The Question: To Rent or Not to Rent?

August 20, 2018 01:58 PM
 
farmland michigan

Land lease terminations on Sept. 1 initiated by the farmer/operator are becoming more common. For many producers, cash rents have been very slow to adjust in comparison to some of the other inputs over the last few years. Consequently, more and more producers have terminated an existing land lease to have an opportunity for negotiating a lower rental rate.

In extreme cases, some producers have burned through so much working capital that current rental rates simply do not cash flow and can no longer be subsidized from other portions of their operation. Conversely, there are still just as many producers unwilling to terminate a lease for fear that the land could then be up for bid by other farmers. It’s just easier to leave well enough alone in hopes that the combination of price and yield will get better in the future, even if the rent is a too high. This is especially true if a producer has enough working capital and can cost average a high cash rent farm with a lower cash rent farm or against owned land with little or no payments.

The Right Questions. So what approach should be used in determining whether a land rental opportunity is feasible? Does cost averaging all your land expenses make sense? Should each individual farm stand on its own merit? There are always lots of questions when considering land rental properties.

Let’s start with cost averaging rental farms. There are some benefits to spreading fixed costs, such as equipment and labor, over more acres. Although additional acres may help lower your fixed costs, generally just one individual farm relative to your equipment fleet and overhead labor costs has minimal margin contribution benefits. On the other hand, large land parcels relative to your equipment fleet, labor and other overhead costs can bring significant benefits to your bottom line.

Cash rent levels can be at a premium, if other line item costs are controlled, productivity is high, and your marketing is disciplined. This is one of the reasons why land rental values still tend to be relatively high in many areas. There are still just enough producers with adequate working capital, larger than needed equipment fleets, unwillingness to part with any land and adequate labor forces, which usually includes family members with long-term plans of farming. Also, many of these operations with the capacity to pay higher rent levels tend to have additional off-farm income. This supplemental income provides a distinct competitive advantage when it comes to rent level payment capacity. However, this strategy does not work for everyone.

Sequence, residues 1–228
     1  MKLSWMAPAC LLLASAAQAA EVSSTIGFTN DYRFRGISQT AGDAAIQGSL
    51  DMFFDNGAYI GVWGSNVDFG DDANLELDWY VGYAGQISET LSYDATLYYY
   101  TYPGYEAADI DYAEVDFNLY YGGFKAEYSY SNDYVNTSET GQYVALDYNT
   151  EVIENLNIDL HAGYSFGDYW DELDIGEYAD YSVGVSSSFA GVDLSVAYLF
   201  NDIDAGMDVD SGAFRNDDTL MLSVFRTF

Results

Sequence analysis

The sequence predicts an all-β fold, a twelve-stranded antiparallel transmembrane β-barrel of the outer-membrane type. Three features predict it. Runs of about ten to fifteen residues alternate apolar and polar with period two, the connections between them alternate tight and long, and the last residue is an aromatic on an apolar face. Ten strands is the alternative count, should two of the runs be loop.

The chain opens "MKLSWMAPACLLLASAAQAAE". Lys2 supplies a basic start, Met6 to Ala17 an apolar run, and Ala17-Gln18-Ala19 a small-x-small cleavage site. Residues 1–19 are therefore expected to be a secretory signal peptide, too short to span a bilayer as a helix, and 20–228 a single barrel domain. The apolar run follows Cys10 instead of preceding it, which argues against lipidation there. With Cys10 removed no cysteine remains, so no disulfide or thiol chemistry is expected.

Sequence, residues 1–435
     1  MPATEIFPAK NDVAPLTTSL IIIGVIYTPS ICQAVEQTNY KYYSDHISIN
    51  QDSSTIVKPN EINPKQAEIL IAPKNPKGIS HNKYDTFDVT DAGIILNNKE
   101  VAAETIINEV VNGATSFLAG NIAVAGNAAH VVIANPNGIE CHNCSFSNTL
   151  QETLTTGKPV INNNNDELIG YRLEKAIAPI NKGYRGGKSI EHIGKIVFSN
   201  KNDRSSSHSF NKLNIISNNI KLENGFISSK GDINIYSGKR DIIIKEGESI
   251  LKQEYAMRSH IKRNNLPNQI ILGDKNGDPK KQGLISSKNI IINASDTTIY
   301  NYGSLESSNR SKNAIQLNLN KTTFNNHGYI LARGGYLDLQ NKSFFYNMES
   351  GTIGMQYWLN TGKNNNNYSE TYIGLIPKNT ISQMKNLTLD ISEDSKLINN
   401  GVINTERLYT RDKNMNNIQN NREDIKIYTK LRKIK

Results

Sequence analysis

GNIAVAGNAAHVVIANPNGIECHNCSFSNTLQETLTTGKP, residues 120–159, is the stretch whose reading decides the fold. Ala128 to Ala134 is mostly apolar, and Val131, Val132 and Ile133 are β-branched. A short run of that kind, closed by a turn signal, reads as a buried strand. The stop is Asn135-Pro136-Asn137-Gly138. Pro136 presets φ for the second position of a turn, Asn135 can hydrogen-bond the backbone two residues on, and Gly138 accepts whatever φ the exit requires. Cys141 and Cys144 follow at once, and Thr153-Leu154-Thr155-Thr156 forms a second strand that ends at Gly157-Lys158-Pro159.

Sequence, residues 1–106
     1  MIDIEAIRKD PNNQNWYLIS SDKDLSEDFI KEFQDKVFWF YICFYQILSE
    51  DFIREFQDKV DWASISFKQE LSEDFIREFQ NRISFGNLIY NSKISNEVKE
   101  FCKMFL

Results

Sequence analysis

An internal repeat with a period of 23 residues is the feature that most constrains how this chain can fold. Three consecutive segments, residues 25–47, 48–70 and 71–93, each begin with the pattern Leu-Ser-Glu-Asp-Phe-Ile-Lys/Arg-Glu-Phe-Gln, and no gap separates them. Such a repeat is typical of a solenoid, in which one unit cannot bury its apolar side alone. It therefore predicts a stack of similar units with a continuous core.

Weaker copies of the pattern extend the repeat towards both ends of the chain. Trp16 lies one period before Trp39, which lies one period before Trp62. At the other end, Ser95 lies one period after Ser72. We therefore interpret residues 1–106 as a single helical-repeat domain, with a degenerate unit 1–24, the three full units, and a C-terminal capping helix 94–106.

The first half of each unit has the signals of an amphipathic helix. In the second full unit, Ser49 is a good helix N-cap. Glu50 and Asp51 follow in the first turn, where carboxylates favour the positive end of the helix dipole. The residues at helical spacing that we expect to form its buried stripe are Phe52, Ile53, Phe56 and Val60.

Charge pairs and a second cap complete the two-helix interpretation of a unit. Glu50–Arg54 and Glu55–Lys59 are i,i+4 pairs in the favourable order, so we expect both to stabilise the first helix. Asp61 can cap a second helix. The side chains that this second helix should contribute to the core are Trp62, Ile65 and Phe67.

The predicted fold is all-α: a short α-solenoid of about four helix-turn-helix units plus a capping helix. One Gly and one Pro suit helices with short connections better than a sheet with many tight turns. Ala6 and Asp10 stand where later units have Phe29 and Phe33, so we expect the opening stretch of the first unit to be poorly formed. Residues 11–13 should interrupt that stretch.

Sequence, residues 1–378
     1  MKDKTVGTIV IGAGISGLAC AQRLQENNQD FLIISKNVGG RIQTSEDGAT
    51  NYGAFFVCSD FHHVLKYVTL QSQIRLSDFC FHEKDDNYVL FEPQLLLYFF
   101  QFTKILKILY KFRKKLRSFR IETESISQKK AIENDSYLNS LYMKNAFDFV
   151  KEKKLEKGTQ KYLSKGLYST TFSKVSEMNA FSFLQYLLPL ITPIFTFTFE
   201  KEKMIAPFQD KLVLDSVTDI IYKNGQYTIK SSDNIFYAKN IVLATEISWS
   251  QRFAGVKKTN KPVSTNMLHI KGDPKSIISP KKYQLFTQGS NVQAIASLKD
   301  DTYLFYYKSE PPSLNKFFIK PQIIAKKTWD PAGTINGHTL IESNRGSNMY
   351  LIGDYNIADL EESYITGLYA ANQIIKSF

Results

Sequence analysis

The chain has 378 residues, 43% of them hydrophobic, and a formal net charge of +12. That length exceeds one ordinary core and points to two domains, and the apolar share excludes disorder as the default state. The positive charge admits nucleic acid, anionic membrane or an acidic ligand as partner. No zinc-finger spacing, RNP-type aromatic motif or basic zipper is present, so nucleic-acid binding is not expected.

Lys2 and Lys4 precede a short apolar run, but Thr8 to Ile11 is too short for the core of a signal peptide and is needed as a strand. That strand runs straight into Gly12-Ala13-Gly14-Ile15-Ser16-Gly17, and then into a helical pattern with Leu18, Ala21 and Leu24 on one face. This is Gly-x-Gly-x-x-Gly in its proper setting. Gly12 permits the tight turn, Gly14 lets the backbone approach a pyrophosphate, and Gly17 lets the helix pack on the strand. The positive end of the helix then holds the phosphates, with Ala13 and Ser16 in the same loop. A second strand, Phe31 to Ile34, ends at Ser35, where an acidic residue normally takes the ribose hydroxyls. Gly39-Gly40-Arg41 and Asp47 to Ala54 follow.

Cost averaging your expenses can be a dangerous endeavor. Failure to calculate each individual farm as its own profit center can create a blind spot in measuring risk. Just because you’re spreading fixed costs over more acres doesn’t necessarily mean that productivity or revenue will be higher. With more acres comes more challenges and the need for more intensive management. More land does not always equal more profit.

Analyzing each farm on its own merit is by far the safest approach. This is not to say that a farm which lays right next to you, that you will have the opportunity purchase in the next several years, must be profitable to farm. In fact, you may have distinct reasoning why a specific farm is justifiable in subsidizing over a number of years, if it’s affordable and not detrimental to the bottom line long-term. This is fine so long as you know exactly what you’re subsidizing, have the cash to support it and you can calculate an eventual economic benefit.

Be cautious however, as oftentimes these anticipated opportunities take almost twice as long as we think to achieve. In a tight margin environment, you can burn through significant amounts of cash quickly. If you are interested in some analysis tools for measuring cost of production and rental payment capacity check out our website at agviewsolutions.com/profit-manager.

The chart on this page is an additional tool you can use to grade each of your land rental properties. If any of your farms grade at a level below 3/C you may want to seriously consider whether that property is beneficial enough for your operation. When cash flows are tight and profit margins are difficult to achieve, any additional analysis can benefit your decision-making process.

Grade Your Land Rental Property

Click below to download the file and grade your land rental property. 
RentGradeDownload

 

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